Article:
Coming to Our Senses
Last night, returning from San Francisco to the rural environment of Occidental, I was struck by the silence. The night was cool, stars crowded the sky and the land was perfectly quiet. I felt like I’d dived into a pool of darkness — refreshing and still. For the first time in days my senses came alive.
Thinking about this later, I realized that nothing has changed the nature of human beings so much as the loss of silence. And with it, the loss of fundamental mechanisms that have oriented us throughout history. For most of human history, we have depended on our sense of sight, hearing, smell, taste, touch to navigate and make “sense” of our world. But as we have moved away from a reliance on our senses to provide the information we need, the mind has become our sole source of guidance.
Instinctively recognizing the danger in this, we’ve attempted to stimulate our senses. Music has become louder and more jarring, movies more violent, food increasingly over-spiced. But rather than being awakened, our senses are increasingly deadened by this overload.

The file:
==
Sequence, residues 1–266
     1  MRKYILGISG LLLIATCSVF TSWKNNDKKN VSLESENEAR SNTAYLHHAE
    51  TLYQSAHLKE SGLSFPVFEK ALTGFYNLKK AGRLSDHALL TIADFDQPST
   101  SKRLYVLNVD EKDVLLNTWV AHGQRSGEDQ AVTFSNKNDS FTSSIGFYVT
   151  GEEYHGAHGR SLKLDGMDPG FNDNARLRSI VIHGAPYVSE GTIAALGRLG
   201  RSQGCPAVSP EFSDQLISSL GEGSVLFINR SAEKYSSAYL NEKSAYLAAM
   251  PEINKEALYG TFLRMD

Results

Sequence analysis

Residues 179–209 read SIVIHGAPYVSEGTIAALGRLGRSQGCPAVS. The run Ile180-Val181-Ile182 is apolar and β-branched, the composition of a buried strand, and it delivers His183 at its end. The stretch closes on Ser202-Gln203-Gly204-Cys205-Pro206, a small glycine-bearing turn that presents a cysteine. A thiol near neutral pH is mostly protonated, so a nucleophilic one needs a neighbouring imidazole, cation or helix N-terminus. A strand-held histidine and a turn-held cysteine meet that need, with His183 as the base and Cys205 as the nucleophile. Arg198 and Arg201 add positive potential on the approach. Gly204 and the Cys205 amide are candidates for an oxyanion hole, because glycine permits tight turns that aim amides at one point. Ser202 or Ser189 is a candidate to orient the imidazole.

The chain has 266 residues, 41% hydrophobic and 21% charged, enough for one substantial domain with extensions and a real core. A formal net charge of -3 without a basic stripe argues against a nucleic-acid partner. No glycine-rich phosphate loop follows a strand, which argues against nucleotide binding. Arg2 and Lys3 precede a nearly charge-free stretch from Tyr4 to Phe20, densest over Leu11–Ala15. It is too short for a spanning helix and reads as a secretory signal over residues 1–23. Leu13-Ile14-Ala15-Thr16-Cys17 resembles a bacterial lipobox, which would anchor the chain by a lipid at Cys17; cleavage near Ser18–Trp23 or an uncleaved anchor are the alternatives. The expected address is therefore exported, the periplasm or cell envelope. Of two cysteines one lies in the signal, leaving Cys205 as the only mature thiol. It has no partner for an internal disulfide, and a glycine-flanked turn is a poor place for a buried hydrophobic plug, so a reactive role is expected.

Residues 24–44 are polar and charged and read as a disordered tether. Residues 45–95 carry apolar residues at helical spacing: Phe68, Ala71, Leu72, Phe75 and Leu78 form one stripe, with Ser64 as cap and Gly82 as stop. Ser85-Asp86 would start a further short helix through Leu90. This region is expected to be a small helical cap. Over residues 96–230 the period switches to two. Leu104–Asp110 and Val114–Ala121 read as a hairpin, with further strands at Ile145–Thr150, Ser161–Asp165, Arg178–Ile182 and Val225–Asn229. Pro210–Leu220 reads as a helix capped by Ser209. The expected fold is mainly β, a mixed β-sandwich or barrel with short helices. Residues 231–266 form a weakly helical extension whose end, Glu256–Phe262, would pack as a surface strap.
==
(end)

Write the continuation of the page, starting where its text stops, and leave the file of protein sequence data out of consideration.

What is needed is not more but less. Less stimulation, less activity, less doing.Just as a plant needs a season of rest in order to sprout new shoots, each of us need periods of stillness in order to grow. In that stillness, our nervous system replenishes itself and our senses come back to life. As our senses regain their rightful place, we’ll come to discover a fuller range of our abilities and access a knowledge that is intuitive and body-based rather than solely mental. In short, we’ll become fuller and more whole.